DRAMATISATION AND THE QUESTION
Deleuze and Guattari’s last collaborative work, WHAT IS PHILOSOPHY?, was published in 1991. The book, whose title is a question, begins in the interrogative mood, in the modality of uncertainty. Its first sentence is:
“Peut-être ne peut-on poser la question Qu’est-ce que la philosophie? que tard, quand vient la vieillesse, et l’heure de parler concrètement”.
“Perhaps one can pose the question What is philosophy? only late, when old age, and the time to speak concretely, comes” (my translation).
The published translation reads:
“The question what is philosophy? can perhaps be posed only late in life, with the arrival of old age and the time for speaking concretely”.
In French the book begins with “Perhaps”, which is a remarkable beginning for a book of philosophy. It begins in the element of doubt and conjecture, rather than in that of dogma and mastery. The question is posed not by the savant but rather by the Idiot, who does not act in the situation according to the habitual sensori-motor schemas, but whose attention is concentrated on a question deeper than the situation, a question concerning the event hidden within the situation and not its current actualisation.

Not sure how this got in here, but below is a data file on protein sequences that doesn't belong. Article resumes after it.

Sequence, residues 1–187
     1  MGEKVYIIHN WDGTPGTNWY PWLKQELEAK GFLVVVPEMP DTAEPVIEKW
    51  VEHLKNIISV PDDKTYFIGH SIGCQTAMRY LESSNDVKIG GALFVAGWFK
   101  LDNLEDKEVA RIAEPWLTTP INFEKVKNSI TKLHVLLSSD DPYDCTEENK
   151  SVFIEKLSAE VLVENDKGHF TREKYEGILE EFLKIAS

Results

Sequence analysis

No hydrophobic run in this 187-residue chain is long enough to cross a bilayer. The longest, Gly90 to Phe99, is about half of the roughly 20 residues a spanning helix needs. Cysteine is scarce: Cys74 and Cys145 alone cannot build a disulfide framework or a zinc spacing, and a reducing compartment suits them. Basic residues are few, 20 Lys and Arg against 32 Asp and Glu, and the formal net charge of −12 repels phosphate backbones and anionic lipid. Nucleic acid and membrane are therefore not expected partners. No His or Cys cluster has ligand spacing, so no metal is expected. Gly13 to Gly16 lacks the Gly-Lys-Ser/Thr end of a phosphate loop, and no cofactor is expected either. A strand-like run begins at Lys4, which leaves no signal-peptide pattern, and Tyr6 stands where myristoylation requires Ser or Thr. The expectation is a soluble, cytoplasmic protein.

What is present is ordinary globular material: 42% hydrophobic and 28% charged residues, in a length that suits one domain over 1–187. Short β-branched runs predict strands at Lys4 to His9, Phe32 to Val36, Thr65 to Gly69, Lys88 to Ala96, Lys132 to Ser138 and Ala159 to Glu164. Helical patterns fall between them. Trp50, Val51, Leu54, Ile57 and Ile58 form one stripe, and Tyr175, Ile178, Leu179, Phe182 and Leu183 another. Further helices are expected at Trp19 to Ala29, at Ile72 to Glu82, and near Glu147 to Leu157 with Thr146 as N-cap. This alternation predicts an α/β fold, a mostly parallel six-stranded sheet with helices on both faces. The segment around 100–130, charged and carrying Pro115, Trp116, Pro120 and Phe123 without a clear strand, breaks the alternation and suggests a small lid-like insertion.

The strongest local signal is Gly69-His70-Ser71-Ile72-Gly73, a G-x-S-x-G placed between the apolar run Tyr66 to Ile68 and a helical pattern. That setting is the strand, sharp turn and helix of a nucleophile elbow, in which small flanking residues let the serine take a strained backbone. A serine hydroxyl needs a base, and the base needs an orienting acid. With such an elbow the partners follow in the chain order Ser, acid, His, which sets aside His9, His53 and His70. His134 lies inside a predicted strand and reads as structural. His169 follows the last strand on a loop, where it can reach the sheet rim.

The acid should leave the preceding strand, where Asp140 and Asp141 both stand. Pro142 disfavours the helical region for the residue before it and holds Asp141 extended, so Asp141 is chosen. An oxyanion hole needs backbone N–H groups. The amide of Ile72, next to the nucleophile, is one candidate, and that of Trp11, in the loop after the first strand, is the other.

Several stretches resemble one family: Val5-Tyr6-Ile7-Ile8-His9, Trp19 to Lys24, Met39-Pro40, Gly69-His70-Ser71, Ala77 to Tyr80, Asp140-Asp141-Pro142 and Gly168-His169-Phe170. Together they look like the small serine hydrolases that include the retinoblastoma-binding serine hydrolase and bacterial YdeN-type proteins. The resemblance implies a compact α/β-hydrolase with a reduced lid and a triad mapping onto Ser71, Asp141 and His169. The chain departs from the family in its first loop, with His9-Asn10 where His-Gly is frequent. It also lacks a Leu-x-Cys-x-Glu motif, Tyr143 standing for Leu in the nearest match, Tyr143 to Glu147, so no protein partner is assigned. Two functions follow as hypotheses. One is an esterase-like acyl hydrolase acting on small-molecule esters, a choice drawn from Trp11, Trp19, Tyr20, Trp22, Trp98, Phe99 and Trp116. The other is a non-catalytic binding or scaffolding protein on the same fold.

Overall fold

The pronoun one expresses, according to Deleuze and Guattari, the “fourth person of the singular”. It is the pronoun associated with the impersonal event. Thus the question of philosophy as posed by “one” takes us out of the confines of chronological time, Chronos, into the virtual time of the event, Aion.
Old Age (Aion)
“Old age”, as the time for posing the question, is not a chronologically situated stage of life, but a type of event, an intensive moment.
When Deleuze and Guattari talk of posing the question “What is philosophy?” as possible only “late” (not “late in life”, as the French is simply “tard”).There is a curiously Hegelian ring to this expression (“The owl of Minerva spreads its wings only at the falling of dusk”). However the sense is the opposite. For Hegel philosophy is reflexion, it comes only at the end of an epoch, after the event, at dusk. For Deleuze and Guattari philosophy is a form of becoming, participation in the event. “Dusk” (twilight) is not the end but between, a time of the event, as is “midnight”.
Old Age (Chronos)
At the time of publication, Deleuze is 66 years old and Guattari is 61. By current standards this is hardly the end of the active life, one is still productive at this age, as the book itself attests. Badiou is still going strong at 79 years of age, and will only retire at the age of 80.
Some commentators just repeat this opening sentence literal-mindedly, forgetting that for Deleuze and Guattari everything is to be interpreted in terms of intensity, including age. Deleuze and Guattari are not primarily commenting on a chronological state where everything is finished and one can only reflect abstractly on the meaning of it all. Rather they are living through an intensive state where they asks themselves this question, a question that arises when it is time to “speak concretely”.
Deleuze and Guattari are speaking concretely in this book, which involves becoming aware of their multiplicity, including their multiplicity of ages, and accepting its non-optimised characteristics (agitation, insomnia, slowness, a loss of control).